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Dow Industrials were down 13.96 points, the dollar was down 0.65 andbonds were unchanged, remaining at 8.45%.

DOW RETREATS. The stock market was mixed at the close of a drifting session Friday, with the Dow Jones average of 30 industrials dropping 13.96 to 2,635.59, finishing the week with a net loss of 12.61 points.

Advancing issues slightly outnumbered declines in nationwide trading of New York Stock Exchange-listed stocks.


PRODUCTION SLIDES. Industrial production slipped 1.2 percent in January, the government said Friday, as abnormally warm weather reduced utility use and automakers temporarily laid off workers to reduce bloated inventories. The Federal Reserve said January's decline followed a revised 0.2 percent gain in output a month earlier.

December's increase originally was reported to be 0.4 percent.

OLDS CUTS PRICES. The Oldsmobile Division of General Motors Corp. said it was making rare price cuts of as much as $500 on the price of two of its models in an unusual attempt to spur sales in a sluggish auto market. The nation's Big Three automakers all have incentives in effect to boost sales that have slumped since the model year began in October.

RATES ON ARMS DOWN. Effective commitment rates for adjustable-rate mortgages (ARMs) declined from 9.36 percent in early December to 9.32 percent in early January, reaching their lowest level since November 1988, the Federal Housing Finance Board reported Friday. Effective commitment rates for fixed-rate mortgages (FRMs) remained at 10.26 in January, unchanged from December and their lowest level since April 1987.

BANK BORROWS MORE. Financial troubles sent the Bank of New England Corp. to the Federal Reserve Bank to borrow money again amid reports the bank is ready to cut its work force by some 5,500 employees. The Federal Reserve Bank of Boston Thursday reported loans totaling $931-million to member banks this week, compared with $723-million the week before.

Tampa Bay/State

NUTMEG CLOSES DEAL. Nutmeg Industries Inc. of Tampa said Friday it closed a joint venture deal that is supposed to get its products on the shelves of such mass merchants as K mart, Target and Wal-Mart.

Nutmeg will be joint venture partners with Shirt Shed Inc., a Wabash, Ind.,-based shirt maker that will manufacture themed sportswear using Nutmeg's designs and licenses. Shirt has a distribution relationship with many discount stores. Nutmeg will hold 51 percent controlling interest in the partnership. Nutmeg's biggest customers are college bookstores and J.C. Penney Co. Inc.

TRIBUNE, UNION TALK. Tampa Tribune management and representatives of their mailroom employees negotiated for about an hour Friday but made little progress toward a new contract. Since last April, the 230 or so mailroom employees have been represented by the Teamsters, Chauffeurs, Warehousemen and Helpers of America. But the union and the company have not yet agreed to a contract. The two sides are expected to talk again in about two weeks.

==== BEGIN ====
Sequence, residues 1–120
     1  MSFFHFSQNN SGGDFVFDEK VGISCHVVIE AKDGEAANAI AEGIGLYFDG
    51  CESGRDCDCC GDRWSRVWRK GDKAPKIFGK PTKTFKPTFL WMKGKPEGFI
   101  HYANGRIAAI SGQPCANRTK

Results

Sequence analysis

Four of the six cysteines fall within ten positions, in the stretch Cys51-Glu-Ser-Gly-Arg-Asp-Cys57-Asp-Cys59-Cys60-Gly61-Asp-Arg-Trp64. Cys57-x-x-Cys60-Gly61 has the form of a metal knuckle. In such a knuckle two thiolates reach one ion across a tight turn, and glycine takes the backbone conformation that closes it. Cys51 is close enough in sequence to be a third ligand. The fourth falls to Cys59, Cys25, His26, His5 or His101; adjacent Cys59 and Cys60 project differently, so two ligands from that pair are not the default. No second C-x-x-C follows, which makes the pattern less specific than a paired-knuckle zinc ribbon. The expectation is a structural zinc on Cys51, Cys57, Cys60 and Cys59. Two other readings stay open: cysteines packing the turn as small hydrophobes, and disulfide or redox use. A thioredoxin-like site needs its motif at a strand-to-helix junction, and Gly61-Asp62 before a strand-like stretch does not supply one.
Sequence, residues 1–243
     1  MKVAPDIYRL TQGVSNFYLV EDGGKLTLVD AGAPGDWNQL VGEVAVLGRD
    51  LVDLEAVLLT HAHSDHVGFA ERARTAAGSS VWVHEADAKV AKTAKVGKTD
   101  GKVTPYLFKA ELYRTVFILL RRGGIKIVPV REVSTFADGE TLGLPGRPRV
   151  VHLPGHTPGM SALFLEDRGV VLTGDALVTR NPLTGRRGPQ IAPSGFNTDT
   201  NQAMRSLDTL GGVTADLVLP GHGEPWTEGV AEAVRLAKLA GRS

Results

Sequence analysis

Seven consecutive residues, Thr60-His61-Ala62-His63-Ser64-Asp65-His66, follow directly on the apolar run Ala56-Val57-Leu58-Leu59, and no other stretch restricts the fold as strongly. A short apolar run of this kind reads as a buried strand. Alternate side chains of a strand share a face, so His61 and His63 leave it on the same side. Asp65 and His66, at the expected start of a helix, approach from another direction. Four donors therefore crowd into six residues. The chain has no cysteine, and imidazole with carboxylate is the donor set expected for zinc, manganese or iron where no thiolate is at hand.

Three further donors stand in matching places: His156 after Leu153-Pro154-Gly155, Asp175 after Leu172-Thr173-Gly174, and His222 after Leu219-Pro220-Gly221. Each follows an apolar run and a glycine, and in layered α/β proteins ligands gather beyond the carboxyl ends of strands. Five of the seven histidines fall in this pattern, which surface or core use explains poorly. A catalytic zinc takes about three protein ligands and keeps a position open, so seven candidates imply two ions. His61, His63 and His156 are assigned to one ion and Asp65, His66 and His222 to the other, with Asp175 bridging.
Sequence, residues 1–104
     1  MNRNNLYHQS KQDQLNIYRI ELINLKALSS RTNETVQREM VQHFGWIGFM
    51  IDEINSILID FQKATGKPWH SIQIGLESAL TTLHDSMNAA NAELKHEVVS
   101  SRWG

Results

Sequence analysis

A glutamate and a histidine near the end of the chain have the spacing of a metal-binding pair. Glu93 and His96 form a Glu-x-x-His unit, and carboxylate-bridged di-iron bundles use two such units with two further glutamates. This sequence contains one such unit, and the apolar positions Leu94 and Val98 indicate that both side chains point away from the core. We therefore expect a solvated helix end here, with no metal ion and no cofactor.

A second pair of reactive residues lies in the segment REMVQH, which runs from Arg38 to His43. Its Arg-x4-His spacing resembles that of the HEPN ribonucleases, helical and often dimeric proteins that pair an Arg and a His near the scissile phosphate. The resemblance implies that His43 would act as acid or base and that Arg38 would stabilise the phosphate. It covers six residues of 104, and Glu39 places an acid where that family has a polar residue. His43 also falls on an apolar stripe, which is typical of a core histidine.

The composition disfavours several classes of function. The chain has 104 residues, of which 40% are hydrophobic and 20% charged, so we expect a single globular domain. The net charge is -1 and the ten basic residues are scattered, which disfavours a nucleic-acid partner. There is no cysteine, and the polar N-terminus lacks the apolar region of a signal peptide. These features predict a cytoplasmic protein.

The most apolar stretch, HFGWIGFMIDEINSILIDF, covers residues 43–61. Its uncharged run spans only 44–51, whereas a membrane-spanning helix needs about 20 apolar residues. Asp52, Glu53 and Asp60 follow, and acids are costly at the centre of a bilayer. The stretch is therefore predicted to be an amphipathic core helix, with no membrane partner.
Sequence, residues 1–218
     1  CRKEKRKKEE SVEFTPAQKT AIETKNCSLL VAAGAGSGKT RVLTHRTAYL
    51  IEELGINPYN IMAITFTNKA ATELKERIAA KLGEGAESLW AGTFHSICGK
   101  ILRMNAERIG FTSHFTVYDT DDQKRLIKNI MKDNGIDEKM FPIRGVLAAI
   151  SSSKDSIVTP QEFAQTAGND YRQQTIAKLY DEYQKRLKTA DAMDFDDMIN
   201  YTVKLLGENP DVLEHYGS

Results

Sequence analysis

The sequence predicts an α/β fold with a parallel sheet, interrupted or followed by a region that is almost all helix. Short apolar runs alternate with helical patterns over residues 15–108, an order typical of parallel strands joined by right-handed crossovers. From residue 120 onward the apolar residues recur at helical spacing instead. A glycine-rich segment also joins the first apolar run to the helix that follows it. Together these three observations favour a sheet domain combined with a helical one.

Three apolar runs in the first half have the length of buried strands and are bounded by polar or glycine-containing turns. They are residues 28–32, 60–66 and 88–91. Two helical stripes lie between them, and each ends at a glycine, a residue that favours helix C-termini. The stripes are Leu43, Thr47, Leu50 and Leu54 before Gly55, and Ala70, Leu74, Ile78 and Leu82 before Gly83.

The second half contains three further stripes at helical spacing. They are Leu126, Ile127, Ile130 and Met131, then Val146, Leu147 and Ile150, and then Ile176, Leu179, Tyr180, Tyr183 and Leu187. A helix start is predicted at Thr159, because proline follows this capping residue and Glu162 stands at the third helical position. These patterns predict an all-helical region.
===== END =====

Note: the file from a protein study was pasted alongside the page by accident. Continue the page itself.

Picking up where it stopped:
BARNETT NAME CHANGE. The recently combined Citrus and Hernando county operations of Barnett Banks Inc. has been named Barnett Bank of the Suncoast, N.A. The bank, with assets of $415-million, will be based in Weeki Watchee.

BRAZO TO SHOW. Brazo Industries Inc., of St. Petersburg, a manufacturer of prefabricated building panels systems, will be one of the American companies at a major international-trade fair in Milan, Italy. The fair runs from April 21-29. Brazo was established in 1988 by St. Petersburg businessman Peter C. Brady, who acquired the operation from Muncie, Ind.-based Ball Corp., maker of glass screw-top storage containers.


AMERICAN SHIP BUILDING. American Ship Building Co. of Tampa on Friday restated its net loss for the fiscal year ended Sept. 30 as $12-million. Earlier, the company had said the loss was $6.5-million.

Chairman and chief executive George M. Steinbrenner said costs associated with a ship construction contract from 1987 would be reflected in the last fiscal year. Steinbrenner said the company made the move in order to report its financial data more conservatively.

The company will continue to seek reimbursement on the contract.

FOOD LION. Salisbury, N.C.,-based Food Lion Inc. on Friday reported a 36 percent earnings increase for the fourth quarter. Earnings hit $46.8-million, or 14 1/2 cents per share, compared to $34.3-million, or 10 / cents a share, on sales that increased to $1.5-billion up from $1.3-billion. For the 1989 fiscal year, the grocery chain said earnings rose to $139.8-million, or 43 cents per share, up from $112.5-million, or 35 cents per share. For the year same-store sales, those in stores that were open during both reporting periods, increased 8.6 percent compared to 8.2 percent in 1988.

DOMINO'S PIZZA. Domino's Pizza Inc. tried to cut down on legal actions last year by giving its delivery people driving instruction, but the safety effort also helped steer profits down 16.4 percent. The Ann Arbor-based company also said launching a new product, pan pizza, led to a drop in 1989 profits to $5.1-million, compared with net income of $6.1-million in 1988.